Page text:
On a second round of motions for summary judgment, C.H. Robinson moved to dismiss Krauss’s claims based on FAAAA preemption. The court granted that motion as well. Yep, you read that right, too. Despite a plethora of terrifying decisions against brokers in recent years holding just the opposite, this court concluded that Krauss’s personal injury claims “related to a service” of the broker, i.e., a connection exists “where it has a forbidden significant effect on rates, routes or services.” Krauss’s theory against CH Robinson was that it didn’t adequately vet KV Load, and carrier vetting, being a significant broker function, couldn’t be subject to common law liability.
That makes conceptual sense, but flies in the face of many other decisions that have held brokers liable for carrierfault accidents. The court did point out that its decision “does not grant freight brokers sweeping immunity from personal injury claims,” as “the Court’s ruling is narrow,” and derived from “the particular circumstances of this case.” In other words, something about this factual scenario prompted the court to find preemption with a dash of contrition.
IRIS didn’t fare so well, as it couldn’t claim either FAAAA or Carmack preemption without being a carrier or broker.
Here’s an interesting case addressing insurance coverage for claims brought under hold-harmless clauses we typically see in broker-carrier contracts. Shipper Merchants Metals engaged broker Access America to arrange transport of its cargo of metal fencing materials between its two facilities in Michigan and Colorado. Access America hired motor carrier Determined Transportation to transport the load, and Determined dispatched its driver Frank Wojcik for the run. While offloading the cargo in Colorado, a roll of fencing material fell on Wojcik, injuring him. The driver sued Merchants in Michigan state court, alleging the shipper had improperly loaded the cargo. Merchants brought third-party actions against Access America and Determined, claiming that the shipper-broker contract required Access America to defend and hold Merchants harmless, and that it had third-party beneficiary status under the broker-carrier contract between Access America and Determined. The latter contract contained an indemnification provision that required Determined to hold Access America and Merchants harmless for “negligent or willful acts” of the carrier.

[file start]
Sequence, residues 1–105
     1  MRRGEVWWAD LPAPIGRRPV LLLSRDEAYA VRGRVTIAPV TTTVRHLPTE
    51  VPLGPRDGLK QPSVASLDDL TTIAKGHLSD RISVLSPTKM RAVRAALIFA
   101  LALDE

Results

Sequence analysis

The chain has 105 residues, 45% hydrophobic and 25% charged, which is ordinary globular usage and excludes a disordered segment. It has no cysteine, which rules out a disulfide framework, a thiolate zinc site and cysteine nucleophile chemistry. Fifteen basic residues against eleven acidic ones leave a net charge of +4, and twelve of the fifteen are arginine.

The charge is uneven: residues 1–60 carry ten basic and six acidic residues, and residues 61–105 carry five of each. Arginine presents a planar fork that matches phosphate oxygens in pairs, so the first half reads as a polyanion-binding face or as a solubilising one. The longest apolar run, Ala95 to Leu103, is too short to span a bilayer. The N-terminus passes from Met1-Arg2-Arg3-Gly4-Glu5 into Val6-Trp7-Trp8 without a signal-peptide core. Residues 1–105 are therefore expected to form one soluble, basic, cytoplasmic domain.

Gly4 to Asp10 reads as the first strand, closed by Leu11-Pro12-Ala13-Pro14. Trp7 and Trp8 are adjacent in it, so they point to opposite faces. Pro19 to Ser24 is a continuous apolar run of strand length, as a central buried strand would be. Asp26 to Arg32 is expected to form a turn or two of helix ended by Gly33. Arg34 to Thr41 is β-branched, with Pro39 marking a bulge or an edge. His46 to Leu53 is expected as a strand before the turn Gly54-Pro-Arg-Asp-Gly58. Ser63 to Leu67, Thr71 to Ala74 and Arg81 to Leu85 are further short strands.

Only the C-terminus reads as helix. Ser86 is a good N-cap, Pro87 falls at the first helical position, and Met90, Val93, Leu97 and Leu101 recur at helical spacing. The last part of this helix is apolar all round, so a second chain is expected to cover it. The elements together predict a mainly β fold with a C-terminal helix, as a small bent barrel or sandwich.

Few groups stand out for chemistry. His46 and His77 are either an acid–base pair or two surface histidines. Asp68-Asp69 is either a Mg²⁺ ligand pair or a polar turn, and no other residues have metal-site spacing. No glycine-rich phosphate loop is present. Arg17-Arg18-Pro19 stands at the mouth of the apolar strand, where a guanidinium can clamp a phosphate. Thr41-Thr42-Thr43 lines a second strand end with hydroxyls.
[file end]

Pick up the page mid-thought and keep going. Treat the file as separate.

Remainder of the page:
Determined looked to its insurer, Great West, for coverage as to the third-party action. Great West’s policy extended coverage to “insured contracts,” which included contracts for liability for bodily injury in tort. Great West denied coverage, prompting a coverage dispute that worked its way up to the Michigan Supreme Court. That court concluded that the policy requires Great West to provide coverage for Merchants’ claim, but not for Access America’s claim.
Wojcik sued Merchants in tort, and if Determined is held liable to Merchants, coverage lies for the contractually derived tort liability. However, Access America wasn’t seeking indemnity for its tort liability to Wojcik; rather, it sought indemnification for its contractual liability to Merchants. In other words, Merchants claimed that Access America must indemnify it under the shipper-broker contract for tort liability, and Access America just sought indemnification from Determined for its contractual liability to Merchants. Great West’s policy didn’t go that far.